While infants and very young children are unable to talk about their own thoughts and behaviors, older children and adults are often asked to use language to discuss their thoughts and knowledge about the world. In fact, these verbal paradigms are among the most prevalent in psychological research. For example, a researcher might present a child with a vignette or short story that describes a moral dilemma, and the child would be asked to express their own thoughts and beliefs (Walrath, 2011). Children, for example, might react to the following: however, the propensity to focus on forms of physical consent is strong. The forms are quite easy to verify and their use is relatively easy to document. Two recent research ethics reports, however, felt that it was necessary to emphasize in their recommendations that informed consent should be understood as a process and not just as a form (NBAC, 2001b); IOM, 2003(a). A third report, focusing on social and behavioural research, concluded that IRBs focused too much on the declaration of consent and did not calibrate their attention to the level of risk of the research (NRC, 2003). In other words, they do not adapt the intensity and specificity of their verification of documents and consent processes to the risk posed by the research. The recommendations at the end of this chapter suggest some possibilities for drawing the attention of investigators and the BRI to the process of seeking parental and child consent to participation in research. With respect to confidentiality, Hurley and Underwood (2002) found that significant second-year minorities did not understand the ”subtle points of confidentiality” in their study, despite repeated statements in different contexts that information from their study would not be shared with family or school staff (p. 140).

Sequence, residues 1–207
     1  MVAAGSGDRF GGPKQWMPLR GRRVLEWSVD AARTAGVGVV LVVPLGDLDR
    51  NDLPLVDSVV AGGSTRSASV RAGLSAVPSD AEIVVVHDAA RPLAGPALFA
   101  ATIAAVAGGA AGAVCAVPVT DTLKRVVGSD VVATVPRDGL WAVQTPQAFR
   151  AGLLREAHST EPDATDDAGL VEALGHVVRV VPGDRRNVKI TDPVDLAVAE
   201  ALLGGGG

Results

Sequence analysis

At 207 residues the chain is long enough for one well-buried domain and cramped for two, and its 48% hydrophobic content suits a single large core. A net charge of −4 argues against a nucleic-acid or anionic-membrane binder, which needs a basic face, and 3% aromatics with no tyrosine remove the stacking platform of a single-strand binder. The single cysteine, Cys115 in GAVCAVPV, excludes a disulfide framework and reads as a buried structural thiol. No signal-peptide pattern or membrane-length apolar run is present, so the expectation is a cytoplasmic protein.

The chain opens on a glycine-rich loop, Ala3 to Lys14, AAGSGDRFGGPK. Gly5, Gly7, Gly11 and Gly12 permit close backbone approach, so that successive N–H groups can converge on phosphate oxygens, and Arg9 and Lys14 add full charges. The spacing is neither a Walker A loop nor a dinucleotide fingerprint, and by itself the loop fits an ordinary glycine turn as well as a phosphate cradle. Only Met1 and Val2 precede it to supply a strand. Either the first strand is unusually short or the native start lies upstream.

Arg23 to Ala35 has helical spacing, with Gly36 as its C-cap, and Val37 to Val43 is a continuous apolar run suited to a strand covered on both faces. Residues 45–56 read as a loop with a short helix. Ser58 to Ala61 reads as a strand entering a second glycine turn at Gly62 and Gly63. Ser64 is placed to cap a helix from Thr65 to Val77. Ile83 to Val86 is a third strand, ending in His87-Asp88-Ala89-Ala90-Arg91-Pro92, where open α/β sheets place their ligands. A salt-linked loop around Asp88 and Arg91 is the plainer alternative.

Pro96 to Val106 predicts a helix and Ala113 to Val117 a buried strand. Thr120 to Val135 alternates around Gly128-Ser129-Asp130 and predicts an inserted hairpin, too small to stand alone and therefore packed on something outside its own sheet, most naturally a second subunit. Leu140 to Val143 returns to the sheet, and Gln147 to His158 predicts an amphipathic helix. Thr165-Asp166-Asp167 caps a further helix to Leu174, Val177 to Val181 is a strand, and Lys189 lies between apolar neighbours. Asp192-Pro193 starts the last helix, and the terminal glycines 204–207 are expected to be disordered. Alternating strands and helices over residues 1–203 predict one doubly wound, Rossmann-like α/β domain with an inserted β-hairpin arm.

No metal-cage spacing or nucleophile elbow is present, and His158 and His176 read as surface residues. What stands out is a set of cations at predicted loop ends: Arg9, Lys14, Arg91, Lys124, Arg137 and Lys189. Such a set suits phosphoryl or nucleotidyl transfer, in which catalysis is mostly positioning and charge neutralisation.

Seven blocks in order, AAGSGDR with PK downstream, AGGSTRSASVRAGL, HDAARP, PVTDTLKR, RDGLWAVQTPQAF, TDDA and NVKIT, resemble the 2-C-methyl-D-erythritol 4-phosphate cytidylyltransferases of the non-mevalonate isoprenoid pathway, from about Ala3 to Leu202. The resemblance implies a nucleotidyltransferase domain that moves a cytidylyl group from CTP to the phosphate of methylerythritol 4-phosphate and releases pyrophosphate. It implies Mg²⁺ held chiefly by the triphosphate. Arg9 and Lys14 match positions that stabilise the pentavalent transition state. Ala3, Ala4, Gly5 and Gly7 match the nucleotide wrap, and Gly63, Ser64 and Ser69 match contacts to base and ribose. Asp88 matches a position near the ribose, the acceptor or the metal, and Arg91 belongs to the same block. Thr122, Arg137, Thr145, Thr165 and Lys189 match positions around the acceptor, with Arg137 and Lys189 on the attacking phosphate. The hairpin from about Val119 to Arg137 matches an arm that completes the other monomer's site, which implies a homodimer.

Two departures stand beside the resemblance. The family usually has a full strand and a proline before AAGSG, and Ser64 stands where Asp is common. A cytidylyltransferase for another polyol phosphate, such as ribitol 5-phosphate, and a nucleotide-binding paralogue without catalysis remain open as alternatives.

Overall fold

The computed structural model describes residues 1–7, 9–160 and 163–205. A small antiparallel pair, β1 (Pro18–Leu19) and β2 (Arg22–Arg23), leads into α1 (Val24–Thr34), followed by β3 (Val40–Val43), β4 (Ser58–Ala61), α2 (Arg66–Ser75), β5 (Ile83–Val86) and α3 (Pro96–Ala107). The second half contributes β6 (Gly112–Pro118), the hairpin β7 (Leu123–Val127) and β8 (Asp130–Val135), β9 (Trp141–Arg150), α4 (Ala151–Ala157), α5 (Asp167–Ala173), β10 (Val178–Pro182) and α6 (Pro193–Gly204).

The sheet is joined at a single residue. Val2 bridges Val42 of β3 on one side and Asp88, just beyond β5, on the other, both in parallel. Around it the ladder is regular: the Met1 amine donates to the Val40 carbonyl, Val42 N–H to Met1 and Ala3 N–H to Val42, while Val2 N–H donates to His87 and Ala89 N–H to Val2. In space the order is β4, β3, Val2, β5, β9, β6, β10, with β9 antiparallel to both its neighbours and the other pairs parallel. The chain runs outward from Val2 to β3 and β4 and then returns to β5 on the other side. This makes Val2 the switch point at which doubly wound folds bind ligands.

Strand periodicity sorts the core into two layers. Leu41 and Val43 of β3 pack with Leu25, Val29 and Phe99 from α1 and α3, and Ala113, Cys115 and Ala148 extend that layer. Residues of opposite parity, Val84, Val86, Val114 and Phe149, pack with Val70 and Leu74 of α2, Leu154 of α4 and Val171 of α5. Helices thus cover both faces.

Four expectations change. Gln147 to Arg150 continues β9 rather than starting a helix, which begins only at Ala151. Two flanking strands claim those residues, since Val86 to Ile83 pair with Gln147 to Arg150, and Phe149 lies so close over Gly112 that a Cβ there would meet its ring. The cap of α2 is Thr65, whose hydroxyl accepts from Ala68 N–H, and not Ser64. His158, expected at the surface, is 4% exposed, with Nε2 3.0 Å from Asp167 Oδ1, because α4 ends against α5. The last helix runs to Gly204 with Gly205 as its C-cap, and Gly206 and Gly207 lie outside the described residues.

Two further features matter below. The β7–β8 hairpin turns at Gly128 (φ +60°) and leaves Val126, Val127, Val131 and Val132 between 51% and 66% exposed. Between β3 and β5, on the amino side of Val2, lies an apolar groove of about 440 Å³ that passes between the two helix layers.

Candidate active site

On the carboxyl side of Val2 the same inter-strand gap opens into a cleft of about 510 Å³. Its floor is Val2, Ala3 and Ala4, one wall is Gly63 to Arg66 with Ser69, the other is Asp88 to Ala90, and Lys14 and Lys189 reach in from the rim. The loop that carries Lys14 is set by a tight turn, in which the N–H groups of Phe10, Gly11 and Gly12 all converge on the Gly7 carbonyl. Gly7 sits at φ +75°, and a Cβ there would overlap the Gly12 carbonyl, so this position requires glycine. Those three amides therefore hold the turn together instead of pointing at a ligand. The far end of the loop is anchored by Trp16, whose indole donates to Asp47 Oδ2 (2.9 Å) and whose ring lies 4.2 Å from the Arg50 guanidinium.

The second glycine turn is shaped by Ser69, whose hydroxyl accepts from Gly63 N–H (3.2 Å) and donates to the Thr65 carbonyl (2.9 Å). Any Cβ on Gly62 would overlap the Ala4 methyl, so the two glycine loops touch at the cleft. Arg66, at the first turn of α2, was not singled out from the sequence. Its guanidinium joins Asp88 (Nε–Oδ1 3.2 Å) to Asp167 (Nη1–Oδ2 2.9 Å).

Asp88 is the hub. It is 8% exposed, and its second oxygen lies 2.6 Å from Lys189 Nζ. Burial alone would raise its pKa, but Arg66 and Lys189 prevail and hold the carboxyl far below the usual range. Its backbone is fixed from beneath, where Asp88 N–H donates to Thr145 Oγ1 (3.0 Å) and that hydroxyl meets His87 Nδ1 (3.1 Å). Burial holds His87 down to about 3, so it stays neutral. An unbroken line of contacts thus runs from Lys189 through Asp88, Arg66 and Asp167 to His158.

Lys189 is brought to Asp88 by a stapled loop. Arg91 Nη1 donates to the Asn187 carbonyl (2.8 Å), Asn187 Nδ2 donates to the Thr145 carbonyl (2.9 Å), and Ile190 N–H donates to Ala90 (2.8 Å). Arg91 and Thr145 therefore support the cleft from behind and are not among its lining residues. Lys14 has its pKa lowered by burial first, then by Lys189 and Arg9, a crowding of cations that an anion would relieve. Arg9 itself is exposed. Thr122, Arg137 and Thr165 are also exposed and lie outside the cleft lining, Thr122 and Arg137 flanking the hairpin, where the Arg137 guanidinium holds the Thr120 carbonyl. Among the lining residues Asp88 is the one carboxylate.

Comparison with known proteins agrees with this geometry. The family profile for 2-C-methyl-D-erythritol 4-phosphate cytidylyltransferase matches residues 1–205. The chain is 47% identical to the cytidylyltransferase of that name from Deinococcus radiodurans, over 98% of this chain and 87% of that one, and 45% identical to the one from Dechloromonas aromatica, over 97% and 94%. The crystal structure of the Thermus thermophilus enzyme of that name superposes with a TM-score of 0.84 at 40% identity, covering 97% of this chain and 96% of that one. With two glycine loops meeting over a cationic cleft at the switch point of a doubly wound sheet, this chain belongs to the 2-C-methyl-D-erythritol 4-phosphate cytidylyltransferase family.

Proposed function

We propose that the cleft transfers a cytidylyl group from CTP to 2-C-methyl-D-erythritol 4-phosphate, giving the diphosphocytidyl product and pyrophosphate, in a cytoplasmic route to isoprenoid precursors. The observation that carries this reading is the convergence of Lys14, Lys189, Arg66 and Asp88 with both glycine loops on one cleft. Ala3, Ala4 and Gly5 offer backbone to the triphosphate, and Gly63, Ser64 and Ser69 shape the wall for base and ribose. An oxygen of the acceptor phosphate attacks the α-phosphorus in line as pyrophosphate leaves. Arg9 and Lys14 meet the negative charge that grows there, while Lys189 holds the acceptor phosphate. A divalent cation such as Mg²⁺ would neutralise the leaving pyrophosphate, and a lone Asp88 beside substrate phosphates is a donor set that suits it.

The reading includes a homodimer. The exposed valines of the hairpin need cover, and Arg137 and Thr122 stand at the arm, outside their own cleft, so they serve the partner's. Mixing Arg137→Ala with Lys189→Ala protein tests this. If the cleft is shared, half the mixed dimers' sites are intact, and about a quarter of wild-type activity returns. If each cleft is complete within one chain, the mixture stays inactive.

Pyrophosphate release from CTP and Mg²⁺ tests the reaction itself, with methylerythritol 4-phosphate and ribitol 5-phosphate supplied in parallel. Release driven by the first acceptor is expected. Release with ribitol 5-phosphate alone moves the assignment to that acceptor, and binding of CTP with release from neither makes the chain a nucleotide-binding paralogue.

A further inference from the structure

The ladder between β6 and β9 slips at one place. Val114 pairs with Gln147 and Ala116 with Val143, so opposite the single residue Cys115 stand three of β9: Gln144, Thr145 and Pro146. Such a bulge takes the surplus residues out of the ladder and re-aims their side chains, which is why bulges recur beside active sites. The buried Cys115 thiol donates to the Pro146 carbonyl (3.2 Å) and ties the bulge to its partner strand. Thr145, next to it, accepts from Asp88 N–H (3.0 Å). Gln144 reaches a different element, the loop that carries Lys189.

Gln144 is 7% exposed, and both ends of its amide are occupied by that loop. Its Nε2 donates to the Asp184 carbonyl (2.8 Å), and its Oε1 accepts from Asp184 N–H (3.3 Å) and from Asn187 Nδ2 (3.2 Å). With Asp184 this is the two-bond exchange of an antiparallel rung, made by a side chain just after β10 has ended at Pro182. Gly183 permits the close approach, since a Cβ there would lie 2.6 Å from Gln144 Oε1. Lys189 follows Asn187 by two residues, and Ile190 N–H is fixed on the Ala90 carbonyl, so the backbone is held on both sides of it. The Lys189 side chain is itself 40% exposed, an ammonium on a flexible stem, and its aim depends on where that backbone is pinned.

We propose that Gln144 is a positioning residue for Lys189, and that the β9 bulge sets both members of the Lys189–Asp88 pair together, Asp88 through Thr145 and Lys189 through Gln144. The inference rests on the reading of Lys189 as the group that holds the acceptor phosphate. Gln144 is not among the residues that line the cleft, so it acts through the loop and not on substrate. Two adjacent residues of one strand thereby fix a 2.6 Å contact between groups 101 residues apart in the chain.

The CM1 and 6th grade students did better. In their study of children aged 5 to 12 years, Abramovitch and colleagues (1991) also found younger children who were more uncertain about confidentiality. A proposal or model for authorization and approval will clearly not be suitable for all parents and children, and some research contexts (e.g. B acute serious illnesses) complicate reasoned thinking and decision-making. Some themes that should be considered for the investigation are: Recommendation 4.1: The informed consent process should be an ongoing interactive dialogue between research staff and research participants, including the disclosure and exchange of relevant information, the discussion of that information, and the assessment of the individual`s understanding for discussion. . . .